During this persecution 28 members of the First Order, two Japanese priests of the Third Order Regular and several hundred Secular Franciscans won the crown of martyrdom. In 1867 the Pope beatified 205 martyrs, among whom were 17 Friars Minor, one Third Order Regular friar, and about 40 Secular Franciscans. In 1987 a group of 16 martyrs of the Dominican Family were canonized. Another 188 martyrs were declared blessed in 2007.

Friars and lay faithful alike were executed. Japan was then sealed off from the rest of the world, and to all appearances Christianity had been exterminated

The bitterness of the persecution notwithstanding, missionaries continued to arrive, and people continued to risk their lives to embrace Christianity. Diego of St. Francis writes about northern Honshu:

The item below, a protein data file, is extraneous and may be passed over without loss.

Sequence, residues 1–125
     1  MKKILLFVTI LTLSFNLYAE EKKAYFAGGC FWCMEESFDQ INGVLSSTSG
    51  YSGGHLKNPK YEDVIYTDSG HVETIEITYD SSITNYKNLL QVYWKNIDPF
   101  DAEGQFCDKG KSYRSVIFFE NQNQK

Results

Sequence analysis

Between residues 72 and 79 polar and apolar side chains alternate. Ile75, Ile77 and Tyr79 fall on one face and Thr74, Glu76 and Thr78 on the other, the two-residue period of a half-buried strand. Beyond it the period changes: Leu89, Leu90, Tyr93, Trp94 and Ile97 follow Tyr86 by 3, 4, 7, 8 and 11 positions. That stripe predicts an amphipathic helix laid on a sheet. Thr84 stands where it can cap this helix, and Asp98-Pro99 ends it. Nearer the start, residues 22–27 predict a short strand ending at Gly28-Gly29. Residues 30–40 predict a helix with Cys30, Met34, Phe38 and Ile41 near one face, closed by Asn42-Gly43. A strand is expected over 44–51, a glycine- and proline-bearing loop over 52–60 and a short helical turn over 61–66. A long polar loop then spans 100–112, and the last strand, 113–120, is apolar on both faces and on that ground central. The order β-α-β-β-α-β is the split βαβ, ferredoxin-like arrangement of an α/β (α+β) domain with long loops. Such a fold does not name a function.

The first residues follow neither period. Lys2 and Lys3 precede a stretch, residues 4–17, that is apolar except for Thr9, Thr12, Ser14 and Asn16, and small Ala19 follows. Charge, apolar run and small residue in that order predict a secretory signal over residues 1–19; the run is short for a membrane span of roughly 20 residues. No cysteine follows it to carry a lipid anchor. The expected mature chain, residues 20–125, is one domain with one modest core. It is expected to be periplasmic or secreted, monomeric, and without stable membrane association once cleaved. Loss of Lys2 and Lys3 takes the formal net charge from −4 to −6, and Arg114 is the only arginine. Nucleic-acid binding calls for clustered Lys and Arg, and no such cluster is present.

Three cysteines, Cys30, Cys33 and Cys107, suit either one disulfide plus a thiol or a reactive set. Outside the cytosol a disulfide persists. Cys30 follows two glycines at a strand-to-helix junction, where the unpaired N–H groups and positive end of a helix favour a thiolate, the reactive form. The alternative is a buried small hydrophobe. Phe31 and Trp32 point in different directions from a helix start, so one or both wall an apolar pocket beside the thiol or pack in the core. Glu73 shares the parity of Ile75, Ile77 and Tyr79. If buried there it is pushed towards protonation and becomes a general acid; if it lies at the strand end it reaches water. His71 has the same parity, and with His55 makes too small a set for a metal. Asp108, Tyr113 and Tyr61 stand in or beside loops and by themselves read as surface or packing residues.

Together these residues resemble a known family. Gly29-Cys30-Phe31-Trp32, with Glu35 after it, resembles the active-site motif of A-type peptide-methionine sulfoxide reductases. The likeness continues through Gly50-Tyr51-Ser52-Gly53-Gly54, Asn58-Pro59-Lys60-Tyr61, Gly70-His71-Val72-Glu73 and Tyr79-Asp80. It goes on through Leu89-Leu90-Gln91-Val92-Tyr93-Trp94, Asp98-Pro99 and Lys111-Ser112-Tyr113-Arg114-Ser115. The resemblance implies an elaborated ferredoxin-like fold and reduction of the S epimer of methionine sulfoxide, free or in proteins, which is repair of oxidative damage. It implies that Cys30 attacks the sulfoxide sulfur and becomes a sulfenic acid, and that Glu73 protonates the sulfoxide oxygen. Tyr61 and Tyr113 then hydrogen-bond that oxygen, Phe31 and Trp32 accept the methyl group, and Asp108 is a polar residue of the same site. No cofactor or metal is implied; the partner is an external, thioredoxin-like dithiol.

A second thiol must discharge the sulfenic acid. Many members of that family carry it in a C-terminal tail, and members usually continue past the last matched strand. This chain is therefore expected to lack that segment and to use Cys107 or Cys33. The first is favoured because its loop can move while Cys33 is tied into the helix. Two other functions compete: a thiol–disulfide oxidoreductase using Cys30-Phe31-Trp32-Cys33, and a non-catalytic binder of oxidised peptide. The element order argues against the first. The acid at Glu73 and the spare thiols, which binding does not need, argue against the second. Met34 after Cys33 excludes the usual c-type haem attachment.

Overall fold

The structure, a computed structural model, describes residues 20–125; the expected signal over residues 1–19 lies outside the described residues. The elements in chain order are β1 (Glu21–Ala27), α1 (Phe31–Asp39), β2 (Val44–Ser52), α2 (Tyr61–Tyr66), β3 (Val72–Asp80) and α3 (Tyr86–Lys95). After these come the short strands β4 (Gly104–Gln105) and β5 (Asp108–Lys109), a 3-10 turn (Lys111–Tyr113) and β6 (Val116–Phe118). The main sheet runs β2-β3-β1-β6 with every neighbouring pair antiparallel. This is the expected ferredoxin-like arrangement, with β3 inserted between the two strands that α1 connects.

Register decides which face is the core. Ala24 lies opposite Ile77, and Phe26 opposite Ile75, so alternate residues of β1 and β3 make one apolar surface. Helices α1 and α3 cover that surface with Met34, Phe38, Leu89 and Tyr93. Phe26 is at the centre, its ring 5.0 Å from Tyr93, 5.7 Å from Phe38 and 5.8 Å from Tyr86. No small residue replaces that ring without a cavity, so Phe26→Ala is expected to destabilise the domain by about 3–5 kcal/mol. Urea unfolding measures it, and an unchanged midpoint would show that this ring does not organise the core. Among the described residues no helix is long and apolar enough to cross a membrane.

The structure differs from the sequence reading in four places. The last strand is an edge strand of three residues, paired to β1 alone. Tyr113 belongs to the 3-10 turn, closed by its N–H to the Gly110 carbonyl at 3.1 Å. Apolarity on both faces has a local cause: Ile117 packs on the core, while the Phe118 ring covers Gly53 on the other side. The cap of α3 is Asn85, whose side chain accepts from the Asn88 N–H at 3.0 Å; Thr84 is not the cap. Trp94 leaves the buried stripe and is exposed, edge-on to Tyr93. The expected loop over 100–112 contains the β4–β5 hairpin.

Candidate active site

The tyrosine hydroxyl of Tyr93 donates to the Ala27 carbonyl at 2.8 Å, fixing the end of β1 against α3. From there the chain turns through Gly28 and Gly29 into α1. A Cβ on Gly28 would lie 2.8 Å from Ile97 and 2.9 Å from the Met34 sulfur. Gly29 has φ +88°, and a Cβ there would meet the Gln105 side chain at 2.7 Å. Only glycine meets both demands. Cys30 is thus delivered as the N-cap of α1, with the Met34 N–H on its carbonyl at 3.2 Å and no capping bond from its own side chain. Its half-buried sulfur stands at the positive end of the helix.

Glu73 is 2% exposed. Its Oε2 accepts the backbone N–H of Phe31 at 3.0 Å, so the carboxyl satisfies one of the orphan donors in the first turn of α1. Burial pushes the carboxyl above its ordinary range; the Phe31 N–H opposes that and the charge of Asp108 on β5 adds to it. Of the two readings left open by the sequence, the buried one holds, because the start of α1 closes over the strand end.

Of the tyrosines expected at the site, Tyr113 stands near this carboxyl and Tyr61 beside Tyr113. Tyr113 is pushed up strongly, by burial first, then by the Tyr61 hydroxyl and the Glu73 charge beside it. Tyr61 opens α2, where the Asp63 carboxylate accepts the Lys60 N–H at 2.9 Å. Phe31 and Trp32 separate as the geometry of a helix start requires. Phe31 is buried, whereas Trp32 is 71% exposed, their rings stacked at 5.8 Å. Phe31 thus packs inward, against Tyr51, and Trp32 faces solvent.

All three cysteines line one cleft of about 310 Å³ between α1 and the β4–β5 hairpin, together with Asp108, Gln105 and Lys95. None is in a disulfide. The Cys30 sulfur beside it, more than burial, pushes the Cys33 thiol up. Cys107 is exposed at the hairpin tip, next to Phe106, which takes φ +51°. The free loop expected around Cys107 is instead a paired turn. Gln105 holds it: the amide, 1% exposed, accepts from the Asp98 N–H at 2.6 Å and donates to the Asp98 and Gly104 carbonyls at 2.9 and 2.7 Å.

“In 1626 we had 5,000 Christians there. Three years later the number had risen to more than 13,000.”

The authorities eventually wiped out all the missionaries. The last friar martyr probably died at Edo in 1640. But even after that, with a hatred and persistence that seemed diabolic, they continued to hunt out Christians and either kill them or force them to apostasize. Finally Japan was sealed off from contact with the rest of the world. To all appearances Christianity had been exterminated.

Early 20th Century

6. Rebirth

In 1853 an American naval squadron compelled Japan to renew relations with the outside world. Nagasaki, Yokohama and Hakodate were opened to shipping, and foreign powers were allowed to erect churches in those ports for traders and seamen.

On March 17, 1865, at the Nagasaki Church, a group of Japanese approached Fr. Petitjean, MEP, and confided that they were of the same faith as he. This led to a discovery that electrified the Catholic world: Tens of thousands of hidden Christians had preserved their faith through 250 years of persecution.